Julie Fiato remembers well the day four years ago when one of her daughters suggested she start a blog about decorating.
“We were all in the kitchen and my oldest daughter said, ‘Mom, you should blog.’ ” At that time, Julie had just finished painting her cabinets. She knew that blogs were about writing, but didn’t realize they could turn into a successful business. After much research, a camera gifted from her husband, and “lots of trial and error,” redheadcandecorate.com was born. On the site, which features her blog and an opportunity to sign up for Julie’s newsletter, she inspires homeowners to decorate inexpensively, using everything from old family photos to natural elements from the yard.
“My style is all over the canvas,” says the Lake Orion resident (and, yes, she does have red hair). “I lean toward eclectic; I don’t like to follow trends. I enjoy cozy, comfortable, romantic, rustic themes,” she says.
Julie, who lives in a 1994 traditional Cape Cod-style home with her husband, Rick, and two teenaged daughters, grew up in the Buffalo area. The couple has lived in southeast Michigan for most of their marriage and moved into their current residence in 2008.
“She’s the brain and I’m the muscle,” says Rick, a lawyer for an insurance company.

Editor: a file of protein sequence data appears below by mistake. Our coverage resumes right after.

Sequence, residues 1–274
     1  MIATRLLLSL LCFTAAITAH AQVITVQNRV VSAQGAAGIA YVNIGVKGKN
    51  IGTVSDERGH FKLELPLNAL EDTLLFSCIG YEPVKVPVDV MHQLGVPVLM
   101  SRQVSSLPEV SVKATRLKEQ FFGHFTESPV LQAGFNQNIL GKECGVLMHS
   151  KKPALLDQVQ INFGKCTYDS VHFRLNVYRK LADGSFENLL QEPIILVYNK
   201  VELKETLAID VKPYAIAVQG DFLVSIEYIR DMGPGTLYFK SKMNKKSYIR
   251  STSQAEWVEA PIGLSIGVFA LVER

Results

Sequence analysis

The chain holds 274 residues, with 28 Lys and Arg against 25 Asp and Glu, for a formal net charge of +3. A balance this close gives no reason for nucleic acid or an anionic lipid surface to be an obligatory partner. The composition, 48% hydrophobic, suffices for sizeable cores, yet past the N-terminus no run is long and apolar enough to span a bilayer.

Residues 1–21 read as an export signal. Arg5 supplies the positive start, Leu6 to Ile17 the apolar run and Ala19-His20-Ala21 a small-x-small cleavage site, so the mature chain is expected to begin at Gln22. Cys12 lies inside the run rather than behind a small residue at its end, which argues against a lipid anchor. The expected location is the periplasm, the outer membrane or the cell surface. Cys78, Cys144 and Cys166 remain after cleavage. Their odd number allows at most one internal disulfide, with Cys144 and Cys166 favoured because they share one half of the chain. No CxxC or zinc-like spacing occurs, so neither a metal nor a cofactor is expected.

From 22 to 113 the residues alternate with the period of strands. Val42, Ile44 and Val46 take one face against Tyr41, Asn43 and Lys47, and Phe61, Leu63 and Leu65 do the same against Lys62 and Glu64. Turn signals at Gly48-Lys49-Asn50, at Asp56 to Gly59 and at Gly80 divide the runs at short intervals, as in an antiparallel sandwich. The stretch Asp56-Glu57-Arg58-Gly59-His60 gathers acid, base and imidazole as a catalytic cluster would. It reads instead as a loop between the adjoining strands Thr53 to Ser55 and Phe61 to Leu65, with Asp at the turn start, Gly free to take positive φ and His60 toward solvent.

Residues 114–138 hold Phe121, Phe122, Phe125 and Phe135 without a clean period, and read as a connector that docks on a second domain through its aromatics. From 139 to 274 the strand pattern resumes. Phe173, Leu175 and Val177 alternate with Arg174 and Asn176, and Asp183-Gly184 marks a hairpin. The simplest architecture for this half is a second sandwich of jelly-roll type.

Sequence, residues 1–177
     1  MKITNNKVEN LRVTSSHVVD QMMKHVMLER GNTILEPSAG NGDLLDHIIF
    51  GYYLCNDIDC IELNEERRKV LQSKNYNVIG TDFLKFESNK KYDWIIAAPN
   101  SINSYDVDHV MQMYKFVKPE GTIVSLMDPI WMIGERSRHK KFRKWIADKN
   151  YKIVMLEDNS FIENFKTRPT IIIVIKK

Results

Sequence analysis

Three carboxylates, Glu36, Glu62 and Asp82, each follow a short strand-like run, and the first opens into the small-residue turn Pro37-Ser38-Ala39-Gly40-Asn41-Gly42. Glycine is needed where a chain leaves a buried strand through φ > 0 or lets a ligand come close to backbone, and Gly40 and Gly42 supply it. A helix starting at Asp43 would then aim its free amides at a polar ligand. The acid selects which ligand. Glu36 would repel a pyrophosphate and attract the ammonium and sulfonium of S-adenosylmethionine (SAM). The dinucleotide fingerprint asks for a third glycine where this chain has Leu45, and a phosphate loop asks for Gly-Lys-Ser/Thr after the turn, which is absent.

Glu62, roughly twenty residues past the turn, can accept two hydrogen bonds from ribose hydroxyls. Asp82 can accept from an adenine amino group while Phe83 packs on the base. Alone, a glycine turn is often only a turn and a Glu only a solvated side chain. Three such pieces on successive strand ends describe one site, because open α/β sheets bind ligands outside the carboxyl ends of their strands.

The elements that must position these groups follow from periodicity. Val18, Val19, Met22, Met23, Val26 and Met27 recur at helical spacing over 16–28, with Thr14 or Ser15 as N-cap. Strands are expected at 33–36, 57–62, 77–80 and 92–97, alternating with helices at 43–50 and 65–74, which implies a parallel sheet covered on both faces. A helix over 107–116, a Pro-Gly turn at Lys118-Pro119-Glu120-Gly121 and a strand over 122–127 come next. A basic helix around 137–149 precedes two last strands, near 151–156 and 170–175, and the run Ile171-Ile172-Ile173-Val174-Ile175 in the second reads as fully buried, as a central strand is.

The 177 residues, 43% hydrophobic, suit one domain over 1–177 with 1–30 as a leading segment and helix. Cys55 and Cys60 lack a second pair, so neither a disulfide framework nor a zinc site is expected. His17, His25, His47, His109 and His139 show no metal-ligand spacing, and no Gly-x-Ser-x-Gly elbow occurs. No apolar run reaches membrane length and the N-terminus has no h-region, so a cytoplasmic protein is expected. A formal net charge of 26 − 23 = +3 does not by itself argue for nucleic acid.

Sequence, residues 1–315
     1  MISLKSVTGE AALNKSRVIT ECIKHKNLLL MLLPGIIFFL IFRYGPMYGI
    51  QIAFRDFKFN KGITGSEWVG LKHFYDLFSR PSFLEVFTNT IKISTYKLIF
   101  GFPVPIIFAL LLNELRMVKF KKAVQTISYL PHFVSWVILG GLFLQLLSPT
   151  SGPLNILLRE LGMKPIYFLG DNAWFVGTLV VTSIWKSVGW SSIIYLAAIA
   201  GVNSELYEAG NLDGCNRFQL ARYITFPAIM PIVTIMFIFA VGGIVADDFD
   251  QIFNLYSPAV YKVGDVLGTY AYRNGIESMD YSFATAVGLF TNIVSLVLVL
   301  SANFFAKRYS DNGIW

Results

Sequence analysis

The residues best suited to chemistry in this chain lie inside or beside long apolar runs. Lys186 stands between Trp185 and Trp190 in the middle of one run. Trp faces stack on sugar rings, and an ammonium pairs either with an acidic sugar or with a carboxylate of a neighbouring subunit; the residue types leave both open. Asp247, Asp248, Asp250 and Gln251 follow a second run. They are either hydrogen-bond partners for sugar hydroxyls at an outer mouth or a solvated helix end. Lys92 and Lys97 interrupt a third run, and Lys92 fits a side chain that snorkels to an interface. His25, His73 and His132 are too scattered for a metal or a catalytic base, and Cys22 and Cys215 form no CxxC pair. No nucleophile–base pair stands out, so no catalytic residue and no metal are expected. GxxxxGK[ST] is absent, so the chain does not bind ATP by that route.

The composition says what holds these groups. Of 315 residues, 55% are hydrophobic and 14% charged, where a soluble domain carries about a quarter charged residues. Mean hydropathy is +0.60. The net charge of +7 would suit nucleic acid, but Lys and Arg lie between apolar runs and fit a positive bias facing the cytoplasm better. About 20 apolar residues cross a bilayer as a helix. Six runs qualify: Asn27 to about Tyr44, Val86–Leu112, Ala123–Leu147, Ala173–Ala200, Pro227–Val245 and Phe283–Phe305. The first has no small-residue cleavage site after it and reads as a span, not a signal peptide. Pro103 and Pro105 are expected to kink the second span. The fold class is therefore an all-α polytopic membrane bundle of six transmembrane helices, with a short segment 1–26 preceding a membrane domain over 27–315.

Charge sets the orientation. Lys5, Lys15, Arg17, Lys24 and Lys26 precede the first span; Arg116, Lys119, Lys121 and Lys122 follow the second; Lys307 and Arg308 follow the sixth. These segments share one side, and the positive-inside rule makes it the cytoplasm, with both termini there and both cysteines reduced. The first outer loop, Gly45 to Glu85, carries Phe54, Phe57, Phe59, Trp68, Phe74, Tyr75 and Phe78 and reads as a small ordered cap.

It’s easy to see Rick’s brawn and Julie’s creative spirit in every room of the Fiato home. Upon entering the house, the first thing one typically notices, besides Sylvia the laid-back cat, is a gleaming wall of silver platters in various shapes and sizes, ranging from oval and rectangular to round and even heart-shaped. “I found most of those at flea markets and antiques shops,” Julie says.
Just beyond awaits a spacious family room with a soaring ceiling. Here, the couple hung all kinds of intriguing elements that inspire visitors to look from floor to ceiling. Like a masterpiece painting with several entry points for the eye, the space pulls one in with a number of features, including an old red-trimmed toboggan from an antiques shop; the word Julie Fiato’s office (top); a kitchen bar and hutch area (below), ready for a Fourth of July celebration (Julie made the cake plate); and handles and knobs that were replaced with more intriguing hardware that’s been creatively transformed, spelled out in black lettering; and vintage skis and poles, all displayed against white walls with dark wood trim.
Shimmering mirrors mingle with luxe leather furnishings, a deep-brown fireplace mantel, and a chevron-style black-and-white rug. The couple is happy to share the stories behind many of the pieces; a side table, for example, was made from a dying tree in their yard, while a multi-paned door (found in their basement) leaning against a wall holds dozens of meaningful black-and-white family photos on its glass, and a pretty gold-framed mirror showcases Julie’s spray-painting talents.
“We wanted the room rustic, so we roughed it up and warmed it up,” Julie explains. “There’s a lodge feel in here and throughout the home.” Comfortable in boots, jeans, and flannel shirts (checks are a favorite pattern), Julie exemplifies her penchant for cozy and rustic.
The bucolic aura continues outside, where a lovely pond on which two trumpeter swans often glide by beckons in the backyard and a family-style firepit for toasting marshmallows is a favorite gathering spot.